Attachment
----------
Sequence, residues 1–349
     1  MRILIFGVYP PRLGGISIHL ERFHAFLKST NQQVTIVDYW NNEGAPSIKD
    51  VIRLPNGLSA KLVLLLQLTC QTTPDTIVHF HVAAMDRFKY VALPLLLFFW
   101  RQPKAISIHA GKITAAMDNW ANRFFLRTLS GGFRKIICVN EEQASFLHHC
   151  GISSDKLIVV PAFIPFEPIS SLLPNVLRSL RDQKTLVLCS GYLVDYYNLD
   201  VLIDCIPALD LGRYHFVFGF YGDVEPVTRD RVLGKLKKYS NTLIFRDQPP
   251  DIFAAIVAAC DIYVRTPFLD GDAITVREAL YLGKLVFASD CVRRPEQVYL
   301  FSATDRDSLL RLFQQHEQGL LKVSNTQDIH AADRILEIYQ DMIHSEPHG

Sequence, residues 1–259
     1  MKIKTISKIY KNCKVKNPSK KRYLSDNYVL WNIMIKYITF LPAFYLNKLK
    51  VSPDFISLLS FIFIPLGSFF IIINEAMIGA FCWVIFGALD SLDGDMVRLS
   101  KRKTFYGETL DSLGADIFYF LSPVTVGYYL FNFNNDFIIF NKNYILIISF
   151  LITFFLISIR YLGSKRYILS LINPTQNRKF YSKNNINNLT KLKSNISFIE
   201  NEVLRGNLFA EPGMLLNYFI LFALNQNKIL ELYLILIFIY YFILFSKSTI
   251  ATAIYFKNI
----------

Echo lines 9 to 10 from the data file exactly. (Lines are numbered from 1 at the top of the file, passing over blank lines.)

Sequence, residues 1–259
     1  MKIKTISKIY KNCKVKNPSK KRYLSDNYVL WNIMIKYITF LPAFYLNKLK